Letter to the Editor: The State Needs Out of the State Store Business
Please allow me this opportunity to respond to a submission from the Independent State Store Union that leveled several mischaracterizations about legislation to remove state control from the sale of wine and spirits in Pennsylvania.
As you may know, House Bill 446 was historic in that this is the first time in more than 80 years that both chambers of the Pennsylvania General Assembly approved legislation to privatize the state store system – a relic from the 1930s designed to make alcohol as difficult and expensive as possible to purchase. For more than eight decades, despite consumer calls since the 1970s to do so, our liquor system has remained one of only two in the nation to have this complete control over both the wholesale and retail operations of alcohol. Added to the antiquated system is the fact that the same agency regulating the sale of alcohol also seeks to boost its sales.
Sadly, the governor vetoed this legislation on July 2, taking us back to square one when it comes to responding to the consumers who have repeatedly told us that the state should not be in the alcohol business.
I appreciate the state store union providing you with its perspective, as its members have a vested interest in the outcome of this legislation. But so do all of you. Allow me to add a bit more context to the discussion.
Critics of privatization have been pointing to the struggling model in the state of Washington, which is the most recent state to privatize liquor and wine sales, as why Pennsylvanians should not favor House Bill 466 – even though our proposal was vastly different from the one on the West Coast. In fact, part of the Washington plan included steep hikes in alcohol taxes, whereas taxes in Pennsylvania would remain the same, and the state would pick up hundreds of thousands of dollars more in revenue from residents who would stay within our borders instead of traveling out of state for their purchases.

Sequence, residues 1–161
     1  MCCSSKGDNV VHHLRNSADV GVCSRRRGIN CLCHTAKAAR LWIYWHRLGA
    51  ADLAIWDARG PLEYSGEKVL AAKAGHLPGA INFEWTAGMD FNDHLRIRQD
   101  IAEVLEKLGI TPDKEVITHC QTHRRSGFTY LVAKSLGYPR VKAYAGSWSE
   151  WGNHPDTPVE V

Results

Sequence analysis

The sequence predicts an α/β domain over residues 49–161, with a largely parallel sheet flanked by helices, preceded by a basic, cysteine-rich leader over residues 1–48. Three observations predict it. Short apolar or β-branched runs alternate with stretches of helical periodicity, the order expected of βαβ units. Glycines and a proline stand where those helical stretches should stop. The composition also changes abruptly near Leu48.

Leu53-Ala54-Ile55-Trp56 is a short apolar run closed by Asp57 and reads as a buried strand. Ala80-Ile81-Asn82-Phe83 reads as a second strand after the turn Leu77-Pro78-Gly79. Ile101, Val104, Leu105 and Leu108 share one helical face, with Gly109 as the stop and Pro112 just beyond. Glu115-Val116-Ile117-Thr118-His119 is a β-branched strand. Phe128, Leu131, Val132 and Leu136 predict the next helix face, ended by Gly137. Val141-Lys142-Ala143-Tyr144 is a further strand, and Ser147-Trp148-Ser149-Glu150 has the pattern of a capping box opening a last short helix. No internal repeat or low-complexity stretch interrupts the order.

I fail to see the logic that a privatized system would lead to worse selection, more expensive prices and inconvenience. In fact, in rural areas such as ours, the state stores would only close if there are twice as many private outlets serving our population.
Also consider that beer distributors would be the very first to have a chance for the licenses to sell wine and liquor. Only after these distributors have the first chance would other retailers be allowed to enter the license auction, thereby limiting the number of big-box stores competing for licenses. I don’t fear losing out to the big box store as there’s only one in the 63rd District.
My education and experience have taught me that the private sector does a far better job in the marketplace than government. When competition enters the market, private enterprises compete for business. They’ll offer expanded hours, competitive pricing, and in many cases, varied selection. Right now, in our current state stores, bottles of wine could sit on shelves and collect dust for months, whereas private stores would be able to sell the most popular brands, including locally produced selections from area wineries and distilleries. Wouldn’t it be nice to buy a bottle of R** Bandana, Foxburg or Deer Creek wineries’ products at the grocery store?
In the days after the governor’s veto, many business and economic experts, along with both in-state and out-of-state editorial writers, are scratching their heads about why a governor who touted his private business experience would veto such landmark, pro-consumer legislation.
I think we all know the reason.
Submitted by Rep. Donna Oberlander (R-Clarion/Armstrong/Forest)
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